The proper relationship between the authority of Christian Scripture and authority of Christian Tradition avails itself to no easy answers. From a historical viewpoint, much of the early development of both remains hotly debated. From a theological perspective, centuries (and sometimes millennia) old debates continue to shape thinking and lead toward answers long before any explicit consideration of this relationship comes into focus.
Yet there seem to be boundaries—a “highway of orthodoxy” if you will—which suggest (or perhaps demand?) a certain perspective on the Christian understanding of the interplay between Scripture and Tradition, a stance which holds a) Scripture as inspired and authoritative (overly precise definitions aside); b) Tradition as important for properly interpreting Scripture (or, if you prefer more Protestant phrasings, “interpreting within the community” or even “Scripture interpreting Scripture”); and c) both Scripture and Tradition as necessarily in conversation with one another (i.e., neither allowed to dominate the other). Continue reading
This post is part of an ongoing series reflecting on the appropriate approach to and method for historical theology.
Postmodernism has not been the only reaction to the rise of Modern historiography: well documented is the rise of various “fundamental” forms of religion, which often retreat into pre-Modern conceptions of history and reality without taking seriously the insights or methods of Modern (or Postmodern) thought. Generally less discussed, however, are “developmental” perspectives on history, such as those of John Henry Newman and Philip Schaff. Such a viewpoint takes seriously the apparent variations between past and present, especially with regard to Church teaching. The developmental position argues that truth claims can function like “seeds” or “kernels” of veracity, existing early within a tradition as immature (yet still true) and growing over time into a mature understanding of reality. Whereas the pre-Modern and Modern conceptions of history posit that changes in Christian teaching would appear to be corruptions of the truth, the developmental option indicates that change is not always the decay of the truth into falsehood. For example, in Newman’s application of this theory, he was simultaneously able to admit changes in the teachings of the Christian Church throughout history and still argue from his historical sources and the scriptures that “Christian doctrine admits of formal, legitimate, and true developments” conceived by the Divine Author. Continue reading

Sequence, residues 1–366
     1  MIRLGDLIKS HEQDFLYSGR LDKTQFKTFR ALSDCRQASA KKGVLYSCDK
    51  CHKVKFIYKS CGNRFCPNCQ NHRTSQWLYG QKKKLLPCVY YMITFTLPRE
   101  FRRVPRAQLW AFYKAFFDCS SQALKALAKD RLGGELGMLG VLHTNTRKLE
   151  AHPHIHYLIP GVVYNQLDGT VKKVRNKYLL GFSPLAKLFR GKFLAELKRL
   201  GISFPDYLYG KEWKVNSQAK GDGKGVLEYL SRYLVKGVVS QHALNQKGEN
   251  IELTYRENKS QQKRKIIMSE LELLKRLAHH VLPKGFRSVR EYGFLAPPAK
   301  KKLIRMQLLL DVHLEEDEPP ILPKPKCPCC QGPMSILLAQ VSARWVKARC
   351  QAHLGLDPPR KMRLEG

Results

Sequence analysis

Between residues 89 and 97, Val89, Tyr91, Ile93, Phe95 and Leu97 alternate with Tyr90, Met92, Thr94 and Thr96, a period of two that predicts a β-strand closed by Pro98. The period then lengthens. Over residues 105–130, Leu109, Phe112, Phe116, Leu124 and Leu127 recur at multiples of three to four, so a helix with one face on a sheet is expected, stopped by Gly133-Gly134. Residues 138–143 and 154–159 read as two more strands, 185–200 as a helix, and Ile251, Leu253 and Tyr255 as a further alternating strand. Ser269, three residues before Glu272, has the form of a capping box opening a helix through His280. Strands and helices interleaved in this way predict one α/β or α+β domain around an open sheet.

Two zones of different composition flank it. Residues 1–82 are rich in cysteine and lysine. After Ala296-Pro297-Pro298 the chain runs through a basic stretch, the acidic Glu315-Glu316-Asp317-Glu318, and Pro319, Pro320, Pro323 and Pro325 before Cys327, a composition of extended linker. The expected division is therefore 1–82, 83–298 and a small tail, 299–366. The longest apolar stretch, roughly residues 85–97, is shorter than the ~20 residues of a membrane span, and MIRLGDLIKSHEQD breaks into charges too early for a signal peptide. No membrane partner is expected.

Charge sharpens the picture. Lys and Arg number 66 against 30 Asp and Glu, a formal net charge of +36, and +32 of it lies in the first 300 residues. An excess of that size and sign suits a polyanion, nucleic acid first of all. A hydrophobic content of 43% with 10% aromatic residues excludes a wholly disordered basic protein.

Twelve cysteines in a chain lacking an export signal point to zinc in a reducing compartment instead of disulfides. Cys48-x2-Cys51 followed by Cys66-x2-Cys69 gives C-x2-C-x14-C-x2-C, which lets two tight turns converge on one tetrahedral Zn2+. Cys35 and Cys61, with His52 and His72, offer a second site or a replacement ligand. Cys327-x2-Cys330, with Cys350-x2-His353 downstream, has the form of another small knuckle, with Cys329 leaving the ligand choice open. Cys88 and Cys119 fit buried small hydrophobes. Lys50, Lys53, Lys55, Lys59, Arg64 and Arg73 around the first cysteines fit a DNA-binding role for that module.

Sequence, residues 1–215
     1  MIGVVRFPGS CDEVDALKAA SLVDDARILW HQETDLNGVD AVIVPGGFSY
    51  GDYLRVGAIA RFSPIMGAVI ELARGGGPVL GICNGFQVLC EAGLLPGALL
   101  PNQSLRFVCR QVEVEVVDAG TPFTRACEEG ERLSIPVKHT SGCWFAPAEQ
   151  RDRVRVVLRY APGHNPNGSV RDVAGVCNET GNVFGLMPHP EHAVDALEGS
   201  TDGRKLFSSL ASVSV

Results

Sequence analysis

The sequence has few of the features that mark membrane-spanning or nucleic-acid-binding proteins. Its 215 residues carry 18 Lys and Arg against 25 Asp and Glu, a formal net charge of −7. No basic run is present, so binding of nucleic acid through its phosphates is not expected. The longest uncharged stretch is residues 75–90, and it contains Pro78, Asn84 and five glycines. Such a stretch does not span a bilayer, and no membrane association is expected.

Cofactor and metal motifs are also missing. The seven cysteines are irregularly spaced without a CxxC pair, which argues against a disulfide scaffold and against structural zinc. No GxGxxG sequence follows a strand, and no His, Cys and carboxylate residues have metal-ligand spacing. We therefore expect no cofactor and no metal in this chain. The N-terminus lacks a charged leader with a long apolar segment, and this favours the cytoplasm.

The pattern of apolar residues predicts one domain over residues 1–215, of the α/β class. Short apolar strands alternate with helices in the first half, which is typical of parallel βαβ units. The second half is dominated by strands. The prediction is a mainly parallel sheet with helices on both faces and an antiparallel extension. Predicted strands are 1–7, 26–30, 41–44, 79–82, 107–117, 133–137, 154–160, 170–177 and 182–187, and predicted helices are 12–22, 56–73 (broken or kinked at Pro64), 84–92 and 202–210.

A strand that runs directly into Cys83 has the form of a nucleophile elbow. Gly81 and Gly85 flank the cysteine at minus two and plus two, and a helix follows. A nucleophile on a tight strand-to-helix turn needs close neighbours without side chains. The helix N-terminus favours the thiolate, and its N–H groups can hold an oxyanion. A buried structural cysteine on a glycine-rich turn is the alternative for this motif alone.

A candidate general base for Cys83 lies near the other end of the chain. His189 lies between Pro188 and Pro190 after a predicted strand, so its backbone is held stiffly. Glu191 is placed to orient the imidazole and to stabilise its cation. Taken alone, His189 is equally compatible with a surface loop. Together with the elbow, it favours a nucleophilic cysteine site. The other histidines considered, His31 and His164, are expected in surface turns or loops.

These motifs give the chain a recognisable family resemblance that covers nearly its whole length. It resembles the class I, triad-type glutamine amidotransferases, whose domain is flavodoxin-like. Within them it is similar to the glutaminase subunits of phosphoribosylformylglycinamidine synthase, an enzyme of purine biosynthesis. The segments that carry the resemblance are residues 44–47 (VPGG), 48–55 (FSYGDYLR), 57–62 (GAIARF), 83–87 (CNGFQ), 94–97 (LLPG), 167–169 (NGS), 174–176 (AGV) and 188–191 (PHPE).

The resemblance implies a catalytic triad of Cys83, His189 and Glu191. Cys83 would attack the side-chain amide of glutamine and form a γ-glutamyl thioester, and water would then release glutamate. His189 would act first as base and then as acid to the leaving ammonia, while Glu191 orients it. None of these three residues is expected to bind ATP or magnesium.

Today marks the one year anniversary of the launch of my other blogging venture, Conciliar Post. Conciliar Post is a community blogging site dedicated to faithful, serious, and civil dialogue about important theological and cultural issues. Offering theological conversations, journeys of faith, reflections on Christianity, and commentary on current events from a Christian perspective, Conciliar Post promotes edifying dialogue that informs, encourages, and challenges people from around the world. Continue reading